Paper pulp can be created out of cotton rag "linters" or any other material you can grind up in a blender. It's a great way to recycle the leftover junk rom our overindulged consumer society (old paper, newspapers, etc). Tear the linters (or other materials) up into small chunks and let them soak in a bucket of water for at least 24 hours. Take the soggy paper scraps and place them in a blender (about 50% soggy chunks - 50% water). Any blender can do the job, but industrial strength blenders (garbage disposals and special paper mills) do the job faster and will last longer. Grind the paper chunks up until they are a smooth paste. Any lumps or clumps will only cause you problems later, so do a good job of making a smooth, refined, pulp. You might want to add some sort of sizing to the pulp at this point. Sizing is like glue, it is a binder that holds the shredded paper fibers together once they are dry. You can use real papermaking sizing (Gelatin, Methylcellulose) or try experimenting with small amounts of matte medium or other glue. If you want to make flat sheets of paper you may use a screen as your mold. To create a paper casting you should spray some sort of sealer on the plaster mold before you put the paper pulp inside. Sanding sealer works well, and matte medium may be uses in a pinch. Once the mold is sealed and dry grab handfuls of paper pulp and pat it down into the mold.

The pulp should look whipped cream, not like tapioca pudding or lumpy mashed potatoes.

Pat the pilp down...

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Find a thick, absorbent sponge and press down on the paper pulp and mold with a much pressure as you can use without breaking the mold. The sponge will absorb water from the paper pulp and the pressure will force the pulp down into the grooves and lines incised in the mold. Wring the sponge out and repeat the process until the paper pulp is as dry as you can make it. Let the paper pulp dry and clean up the leftover mess. Be sure you never wash paper pulp down the sink (it will clog the drain and you will have to become a plumber). Scoop the paper pulp out into a garbage can and then rinse out the sponges and blender.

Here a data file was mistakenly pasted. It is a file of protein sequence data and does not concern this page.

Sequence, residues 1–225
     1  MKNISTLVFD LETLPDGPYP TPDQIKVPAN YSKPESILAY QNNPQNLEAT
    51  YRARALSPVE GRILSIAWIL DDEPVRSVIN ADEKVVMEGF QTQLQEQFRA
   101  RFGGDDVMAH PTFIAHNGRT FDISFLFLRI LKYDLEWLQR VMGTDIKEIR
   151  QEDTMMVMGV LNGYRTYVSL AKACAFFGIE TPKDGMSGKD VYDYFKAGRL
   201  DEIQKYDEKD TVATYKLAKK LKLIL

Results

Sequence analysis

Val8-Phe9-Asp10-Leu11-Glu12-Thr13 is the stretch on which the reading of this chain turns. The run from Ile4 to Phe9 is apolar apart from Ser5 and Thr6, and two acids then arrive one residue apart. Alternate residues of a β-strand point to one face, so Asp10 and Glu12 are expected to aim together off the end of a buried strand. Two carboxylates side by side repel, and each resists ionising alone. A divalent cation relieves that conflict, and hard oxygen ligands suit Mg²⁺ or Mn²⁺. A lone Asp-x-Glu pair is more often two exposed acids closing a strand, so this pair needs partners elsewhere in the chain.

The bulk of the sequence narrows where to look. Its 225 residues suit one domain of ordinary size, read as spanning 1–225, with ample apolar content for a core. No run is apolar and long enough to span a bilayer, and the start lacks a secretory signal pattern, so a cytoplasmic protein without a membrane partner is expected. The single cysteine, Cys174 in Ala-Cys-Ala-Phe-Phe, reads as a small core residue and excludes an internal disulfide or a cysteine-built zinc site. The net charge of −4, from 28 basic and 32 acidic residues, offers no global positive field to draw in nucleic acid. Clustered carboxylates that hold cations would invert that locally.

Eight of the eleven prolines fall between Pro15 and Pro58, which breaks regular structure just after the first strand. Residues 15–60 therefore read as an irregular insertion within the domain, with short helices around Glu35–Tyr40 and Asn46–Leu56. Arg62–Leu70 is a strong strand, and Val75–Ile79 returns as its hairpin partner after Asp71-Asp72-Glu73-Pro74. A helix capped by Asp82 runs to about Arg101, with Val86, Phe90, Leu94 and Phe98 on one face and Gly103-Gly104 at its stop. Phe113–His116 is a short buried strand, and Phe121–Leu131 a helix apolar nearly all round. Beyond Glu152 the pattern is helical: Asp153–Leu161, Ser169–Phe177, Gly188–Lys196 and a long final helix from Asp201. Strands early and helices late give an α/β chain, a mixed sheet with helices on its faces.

Lots of pressure - but don't break the mold...

Fill up the sponge, wring out the sponge, repeat, repeat, etc...

Always throw paper pulp away - never wash it down the sink drain!

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Let the paper dry for at least 24 hours. If necessary you can speed up the drying process by using a heater, hair dryer, etc. Whatever you do, DO NOT remove the paper before it is completely dry or you might end up tearing it out of the mold. Once it is dry it should be ready to be carefully peeled out of the mold. Take your time and enjoy the results. The clay mold should be ready for you to use again - one more matrix ready for editioning...

The finished product

As the paper pulp dries it will shrink a bit and pull away fromthe edges of the mold. This will help you pop the paper casing out of the mold as long as you avoided undercuts in the original clay positive.

The original clay positive and the paper casting

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Troubleshooting Papermaking

Paper tears as it is removed from the mold: If you have undercut forms in the mold the paper will tear. If the paper is not dry enough it will tear as you remove it. If the paper was not packed into the mold tightly (or if the paper was not ground up into a fine pulp) it will tear and separate as you remove it from the mold. The only thing that might help is to use a release agent on the mold before you put the wet paper pulp into the mold. Spray a professional sculpture release into the mold or experiment with "Pam" no-stick cooking spray or soap. The best way to avoid the problem of tearing is to design the original clay relief sculpture carefully so that the paper releases easily.

Be carefl not to exert too much pressure on the mold or it might break...